All potential citations were screened and cross-checked according to the following selection and exclusion criteria, which were developed based on the PICOS acronym: a) patients/participants (P): elderly Chinese patient was diagnosed as non-metastatic esophageal squamous cancer on the basis of histopathological examination, age of eligible patients greater than or equal to 70, and Karnofsky Performance Scale (KPS) scores greater than or equal to 70; b) intervention (I): concurrent CRT with S-1; c) comparison (C): radiotherapy alone; d) outcomes (O): response and survival rates and adverse events; and e) study design (S): RCTs.

Exclusion criteria included the following: a) patients with perforation of esophagus; b) patients suffering from distant metastasis; c) patients who cannot accept radiotherapy because of contraindication; d) animal and cell experiments; e) lack of essential information; f) repeated published studies or the same study but with different follow-time and research department, in which the article with the most strictest methodology and most complete data was incorporated into the article; g) non-original research, such as review, letter, and specialist comments.

Data extraction

Two independent reviewers extracted the following information according to the pre-designed form: first author, publication year, country, sample size, patients’ baseline characteristics, diagnosis criteria, illness duration, study setting, and intervention. Continuous or binary data reported on specific outcomes were also obtained from original studies. The corresponding authors would be contacted to acquire relevant data when necessary. Any divergences in citation searching and screening, data extraction, assessment of the quality of methodology, data synthesis, and result interpretation were resolved by consulting a third author or achieving a consensus.

Assessing risk of bias and grading the quality of evidence

Assessment of risk of bias of eligible studies was independently conducted by two reviewers by using the Cochrane Risk of Bias Tool [36]. Evaluation indices included randomization sequence generation, allocation concealment, blinding of participants, study personnel, and outcome assessors, incomplete outcome data, selective reporting, and other biases. Each domain was rated as “high risk,” “unclear risk,” or “low risk” based on the information extracted from primary studies.

The GRADE system was used to rate the levels of evidence with the following scoring protocol [24]: a) high: the estimate of effect approaches the true value and further research is unlikely to change the estimate; b) moderate: our confidence for the estimate of effect is rated as general and further research is likely to have an important effect on the estimate; c) low: inadequate confidence for the estimate of effect is identified and further research is very likely to change the estimate; and d) very low: any estimate of effect is very uncertain. The GRADE profiler software (version 3.6) (downloaded from: http://www.gradeworkinggroup.org/) was used to rate the level of evidence.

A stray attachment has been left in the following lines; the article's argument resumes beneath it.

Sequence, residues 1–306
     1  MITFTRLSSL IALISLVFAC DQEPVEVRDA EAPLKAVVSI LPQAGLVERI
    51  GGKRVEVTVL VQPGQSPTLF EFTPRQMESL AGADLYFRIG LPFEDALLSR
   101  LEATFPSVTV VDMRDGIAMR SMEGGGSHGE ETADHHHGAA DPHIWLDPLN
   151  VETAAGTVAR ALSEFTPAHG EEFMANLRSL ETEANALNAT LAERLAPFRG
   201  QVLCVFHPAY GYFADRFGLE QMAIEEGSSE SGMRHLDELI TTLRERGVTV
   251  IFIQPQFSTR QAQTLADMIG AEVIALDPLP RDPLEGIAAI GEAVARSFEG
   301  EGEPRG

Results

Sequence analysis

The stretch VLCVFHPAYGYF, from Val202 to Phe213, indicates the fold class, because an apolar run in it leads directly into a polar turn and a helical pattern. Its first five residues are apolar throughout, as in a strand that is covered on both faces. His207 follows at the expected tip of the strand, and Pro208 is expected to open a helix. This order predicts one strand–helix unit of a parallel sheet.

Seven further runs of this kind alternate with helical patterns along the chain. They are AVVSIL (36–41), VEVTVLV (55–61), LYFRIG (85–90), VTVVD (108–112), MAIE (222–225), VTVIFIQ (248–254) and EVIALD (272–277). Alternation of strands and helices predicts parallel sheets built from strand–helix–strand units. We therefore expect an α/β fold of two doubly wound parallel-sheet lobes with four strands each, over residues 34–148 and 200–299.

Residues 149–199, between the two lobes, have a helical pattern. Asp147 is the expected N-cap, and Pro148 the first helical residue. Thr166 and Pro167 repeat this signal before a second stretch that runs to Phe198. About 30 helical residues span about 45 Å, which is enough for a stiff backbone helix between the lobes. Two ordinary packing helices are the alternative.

Statistical analysis

All data extracted from eligible original studies were entered into the data editor for Windows in the STATA software (version 12.0; Stata Corp., College Station, TX) for statistical analysis. Clinical outcomes involving response rate, 1- and 2-year survival rates, and adverse events were evaluated. The first two parameters were synthesized quantitatively, whereas adverse events were qualitatively analyzed because of significant differences in the studies included. We subsequently calculated the relative risk (RR) and the corresponding 95% confidence interval (CI) because hazard ratios (HR) cannot be obtained from all eligible studies. Heterogeneity in the included studies was evaluated using Cochran’s Q test, and the corresponding P value and substantial level of heterogeneity were evaluated using I2 statistic. Eligible studies with I2 ≥ 50% were considered heterogeneous, whereas studies with I250% were considered homogeneous. Meta-analysis was performed on the clinical characteristics and methodology of eligible studies pooled by using the random-effects model or fixed-effects model based on the Mantel-Haenszel or inverse variance statistical approach. Subgroup analysis was also conducted on survival time. Sensitivity analysis was performed on response rate to investigate the robustness of the pooled result by using the leave-one-out approach. Publication bias of all studies included in the response rate measure was identified by performing Begg rank correlation and Egger linear regression tests.

Acknowledgments

All authors would like to appreciate the help of relevant editors and anonymous reviewers. All authors have carefully reviewed this manuscript and declared no competing interests. This study was not supported by any financial sources.

Conflicts of interests

The authors declare no competing financial interests.